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Cheerleading for the arts

Last night, at the Palace Theatre in Albany, the Albany Symphony Orchestra opened its 30th season with David Alan Miller as the music director and conductor. In a recent interview, rather than talk of his accomplishments with the ASO –of which there are many – he preferred to voice pride in the symphony’s contributions to what he called “the area’s impressive cultural eco-system.”

His comments made me think of how rich our area is as a place to enjoy cultural opportunities.

The more I thought, the more it turned me into a cheerleader. Over the past 18 months we all realized how many of our specific entertainments have been denied us.

Thinking of the area as a whole, I wondered how many cultural and entertainment opportunities we deny ourselves – or just take for granted.

If we define our area as being a 60-mile radius from the state capital, population-wise it’s just over a million people. Being generous, it might be described as a mid-sized market.

Yet we have a symphony orchestra with a national reputation, a professional regional theater, two restored 1920-era movie houses like Proctors that hosts the best of Broadway touring shows and major pop acts, and the Palace Theatre that offers major touring rock stars.

And for the biggest entertainment stars we have a large 16,000 seat arena, still known as the Times Union Center. Opera Saratoga has a year round presence in the area.

A symphony orchestra, touring Broadway shows, a professional resident theater, an opera company, and world class museums - that’s the kind of abundance you only expect to find in major cities.

But there’s more. A lot more. Along with these major houses we have historical gems of venues that present various entertainments.

The Troy Music Hall, an alternative home of the ASO, is one of the finest acoustical halls in the world and attracts a wide variety of classical and popular performing artists. The Cohoes Music Hall was built in 1874 and offers musical theater by Playhouse Stage Company, dramas by Creative License and a regular supply of unique musicians.

If you want folk, Caffe Lena in Saratoga Springs is the oldest continuously operated coffee house in the United States. Should you prefer modern, EMPAC on the RPI campus is as high-tech as is imaginable and holds several performing spaces.

We not only have music available, the Clark Museum in Williamstown has an art collection that would be impressive even if located in New York City and the contemporary art museum Mass MoCA in North Adams is a destination site for at least the entire Northeast. The Albany Institute of History and Arts is a fine boutique museum and has the best collection of painters from the Hudson River School anywhere.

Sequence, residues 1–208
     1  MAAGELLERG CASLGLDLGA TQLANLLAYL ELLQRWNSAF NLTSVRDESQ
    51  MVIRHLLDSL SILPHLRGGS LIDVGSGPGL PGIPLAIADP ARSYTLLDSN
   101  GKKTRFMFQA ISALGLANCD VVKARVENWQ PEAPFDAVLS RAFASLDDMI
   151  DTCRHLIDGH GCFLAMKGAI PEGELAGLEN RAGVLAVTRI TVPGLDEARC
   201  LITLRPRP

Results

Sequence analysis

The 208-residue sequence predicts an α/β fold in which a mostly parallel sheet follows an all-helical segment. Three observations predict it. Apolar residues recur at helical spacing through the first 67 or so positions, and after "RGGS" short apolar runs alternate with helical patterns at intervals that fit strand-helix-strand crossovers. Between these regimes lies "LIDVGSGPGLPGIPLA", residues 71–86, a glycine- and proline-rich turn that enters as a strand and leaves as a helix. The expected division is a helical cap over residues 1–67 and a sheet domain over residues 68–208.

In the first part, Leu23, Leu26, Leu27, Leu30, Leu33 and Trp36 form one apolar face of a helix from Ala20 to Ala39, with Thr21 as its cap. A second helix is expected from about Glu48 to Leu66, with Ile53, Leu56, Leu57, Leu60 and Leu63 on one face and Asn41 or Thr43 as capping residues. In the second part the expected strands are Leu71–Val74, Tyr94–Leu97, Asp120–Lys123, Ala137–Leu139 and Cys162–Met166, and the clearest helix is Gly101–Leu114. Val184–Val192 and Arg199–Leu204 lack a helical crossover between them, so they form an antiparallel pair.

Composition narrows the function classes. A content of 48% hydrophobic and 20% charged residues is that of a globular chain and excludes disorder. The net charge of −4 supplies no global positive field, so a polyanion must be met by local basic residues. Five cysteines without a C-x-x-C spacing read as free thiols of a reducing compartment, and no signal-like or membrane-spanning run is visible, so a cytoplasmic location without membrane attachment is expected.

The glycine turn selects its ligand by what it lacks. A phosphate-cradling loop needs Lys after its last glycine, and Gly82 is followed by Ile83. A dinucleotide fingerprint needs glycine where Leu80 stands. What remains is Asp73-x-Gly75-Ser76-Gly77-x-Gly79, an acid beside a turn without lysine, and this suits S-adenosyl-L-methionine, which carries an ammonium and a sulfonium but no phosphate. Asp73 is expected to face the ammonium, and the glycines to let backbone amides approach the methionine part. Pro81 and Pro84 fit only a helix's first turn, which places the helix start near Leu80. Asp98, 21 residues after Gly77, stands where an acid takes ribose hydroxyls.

Other museums range from the Baseball Hall of Fame in Cooperstown, the Automobile Museum in Saratoga and the Bottle Museum in Ballston Spa and everything in between – including the outstanding New York State Museum in Albany.

There’s not enough time to speak about all the summer attractions like SPAC, Opera Saratoga, Glimmerglass Opera, Tanglewood, Jacobs Pillow and several professional theater companies that perform locally and in the Berkshires.

I think a lot of the consistent quality offered has to do with the arts leadership at almost all of these institutions. Miller has 30 years with the ASO. Maggie Mancinelli-Cahill has been artistic-producing director at Capital Rep since 1995 – more than 25 years. Philip Morris has been CEO of Proctors for 20 years.

Longevity isn’t everything. Elizabeth Sobel has just finished her fourth year of being president and CEO of SPAC. She has done an awesome job in a short and trying time.

I believe the key to the leadership of area arts organizations is knowing and respecting the audience’s tastes and an eagerness to collaborate with each other. They deliver what the audience is comfortable with, without ever staying stagnant. They challenge their audiences and we are all better for it.

As summer turns to fall and arts and entertainment move inside, it is rewarding and comfortable to know that management is not only concerned about what we see, but are also dedicated to everyone having the safest possible experience.

Because of the mature arts leadership in the area, I have confidence that we will not only have great fall and winter entertainment – but also a safe environment in which to enjoy it.

Bob Goepfert is theater reviewer for the Troy Record.

The views expressed by commentators are solely those of the authors. They do not necessarily reflect the views of this station or its management.

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